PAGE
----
NGT ban on plying of diesel, petrol vehicles to Rohtang

Govt seeks 10 eco-friendly electric buses

SHIMLA: Under pressure from the National Green Tribunal (NGT) to ply eco-friendly vehicles on the ecologically fragile Manali-Rohtang route, the state government has given its consent to the Union Ministry of Heavy Industries for purchase of 10 electric buses and simultaneously hold trial run for maxi cabs made by Mahindra and Mahindra in different terrain of the state.

Govt seeks 10 eco-friendly electric buses

A vehicle on the way to the Rohtang Pass. Photo: Jai Kumar

editorial@tribune.com

Pratibha Chauhan

Tribune News Service

Shimla, November 13

Under pressure from the National Green Tribunal (NGT) to ply eco-friendly vehicles on the ecologically fragile Manali-Rohtang route, the state government has given its consent to the Union Ministry of Heavy Industries for purchase of 10 electric buses and simultaneously hold trial run for maxi cabs made by Mahindra and Mahindra in different terrain of the state.

These electric buses, to be imported from England by Leyland would cost Rs 2 crore each. Such buses are plying in Bangalore.

The Union Ministry of Heavy Industries has agreed to provide 75 per cent subsidy while the remaining cost will have to be borne by the state government.

“The success and suitability of the electrically propelled vehicles in hilly terrain is yet to be tried and tested. But yes we have sent in our consent to a scheme by the Union Ministry of Heavy Industries for 10 buses,” confirmed Ajay Mittal, Additional Chief Secretary, Transport. He added it is yet to be decided on which these buses would be plied, besides the 51 km Manali-Rohtang route.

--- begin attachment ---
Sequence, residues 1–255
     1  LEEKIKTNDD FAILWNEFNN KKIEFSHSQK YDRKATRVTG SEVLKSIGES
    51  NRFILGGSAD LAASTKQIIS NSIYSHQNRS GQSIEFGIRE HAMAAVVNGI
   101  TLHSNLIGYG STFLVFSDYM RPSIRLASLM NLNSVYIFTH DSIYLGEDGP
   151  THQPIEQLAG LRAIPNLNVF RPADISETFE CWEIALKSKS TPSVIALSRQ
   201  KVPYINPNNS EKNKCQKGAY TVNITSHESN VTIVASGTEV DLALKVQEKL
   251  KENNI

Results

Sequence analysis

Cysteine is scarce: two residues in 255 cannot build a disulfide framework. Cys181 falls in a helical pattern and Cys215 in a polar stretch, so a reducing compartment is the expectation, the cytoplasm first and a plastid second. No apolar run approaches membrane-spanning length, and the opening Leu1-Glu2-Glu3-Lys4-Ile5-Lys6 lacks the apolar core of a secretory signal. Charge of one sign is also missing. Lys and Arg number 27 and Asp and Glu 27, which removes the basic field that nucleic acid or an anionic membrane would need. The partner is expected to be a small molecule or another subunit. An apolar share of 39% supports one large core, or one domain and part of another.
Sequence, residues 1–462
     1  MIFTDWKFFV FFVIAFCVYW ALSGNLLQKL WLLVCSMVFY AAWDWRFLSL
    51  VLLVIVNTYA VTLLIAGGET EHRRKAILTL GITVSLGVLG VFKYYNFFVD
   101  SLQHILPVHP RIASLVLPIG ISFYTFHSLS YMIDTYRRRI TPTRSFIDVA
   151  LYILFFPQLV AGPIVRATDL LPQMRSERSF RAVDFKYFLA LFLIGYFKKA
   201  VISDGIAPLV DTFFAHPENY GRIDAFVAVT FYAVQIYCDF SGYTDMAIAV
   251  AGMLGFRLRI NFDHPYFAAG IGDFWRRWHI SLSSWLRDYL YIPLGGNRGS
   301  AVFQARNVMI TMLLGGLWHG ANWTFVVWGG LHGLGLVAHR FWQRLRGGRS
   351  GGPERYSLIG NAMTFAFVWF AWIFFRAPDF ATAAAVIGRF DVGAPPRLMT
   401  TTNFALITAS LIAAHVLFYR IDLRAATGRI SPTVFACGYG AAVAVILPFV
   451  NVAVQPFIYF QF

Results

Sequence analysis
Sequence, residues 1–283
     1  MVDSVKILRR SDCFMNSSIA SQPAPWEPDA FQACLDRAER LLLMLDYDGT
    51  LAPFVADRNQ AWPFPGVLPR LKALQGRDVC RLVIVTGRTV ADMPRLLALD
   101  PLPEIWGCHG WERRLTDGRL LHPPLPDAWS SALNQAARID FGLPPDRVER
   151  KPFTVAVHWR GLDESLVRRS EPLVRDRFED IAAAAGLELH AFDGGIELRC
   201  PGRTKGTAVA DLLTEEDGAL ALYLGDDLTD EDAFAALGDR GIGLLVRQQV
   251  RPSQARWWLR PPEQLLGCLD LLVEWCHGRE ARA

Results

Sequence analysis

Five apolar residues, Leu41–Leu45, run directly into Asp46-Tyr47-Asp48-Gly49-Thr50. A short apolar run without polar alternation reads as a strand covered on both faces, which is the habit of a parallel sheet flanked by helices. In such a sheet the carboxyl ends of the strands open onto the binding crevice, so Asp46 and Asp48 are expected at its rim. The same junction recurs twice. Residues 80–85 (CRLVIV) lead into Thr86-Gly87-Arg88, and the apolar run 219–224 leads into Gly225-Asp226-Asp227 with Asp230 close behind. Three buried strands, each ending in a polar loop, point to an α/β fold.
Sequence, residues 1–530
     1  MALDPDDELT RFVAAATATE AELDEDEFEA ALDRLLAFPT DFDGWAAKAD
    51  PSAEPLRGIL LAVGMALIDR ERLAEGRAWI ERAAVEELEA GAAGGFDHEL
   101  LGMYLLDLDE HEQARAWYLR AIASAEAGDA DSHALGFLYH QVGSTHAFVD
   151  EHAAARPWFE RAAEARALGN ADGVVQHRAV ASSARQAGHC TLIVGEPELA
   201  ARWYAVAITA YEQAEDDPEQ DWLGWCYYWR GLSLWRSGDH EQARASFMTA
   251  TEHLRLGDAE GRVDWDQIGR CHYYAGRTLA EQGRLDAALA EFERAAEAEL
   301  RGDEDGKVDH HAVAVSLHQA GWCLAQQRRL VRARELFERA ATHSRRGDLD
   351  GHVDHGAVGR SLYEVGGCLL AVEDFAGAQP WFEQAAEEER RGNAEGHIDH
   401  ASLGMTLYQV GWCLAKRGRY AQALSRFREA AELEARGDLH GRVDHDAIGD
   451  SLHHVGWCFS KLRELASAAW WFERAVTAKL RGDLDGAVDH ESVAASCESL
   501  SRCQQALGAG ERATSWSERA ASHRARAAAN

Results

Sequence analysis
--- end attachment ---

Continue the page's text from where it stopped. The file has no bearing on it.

The NGT has banned plying of diesel and petrol vehicles between the popular tourist destination of Manali-Rohtang. The NGT has directed the state government to explore the possibility of running eco friendly CNG and electric buses. However, no automobile company has so far guaranteed the safety and suitability of these eco-friendly vehicles to save the area from environmental degradation.

The issue of setting up of charging stations would be another task before the state government as a fully charged battery would be able to cover only a distance of about 110 km. While the time to fully charge a battery is about eight to nine hours, experts have suggested that the effectiveness of a fully charged battery is reduced by almost 40 per cent in colder climes.

The only solace is that Himachal is a power surplus state with very reasonable electricity charges but in the electric vehicles the battery alone cannot be removed and taken for charging as the entire bus or maxi cab will have to be stationed at the charging station.

As such the utility of these vehicles would be limited as they will have to be stationed for eight hours after they get exhausted after running for 110 kms for charging.

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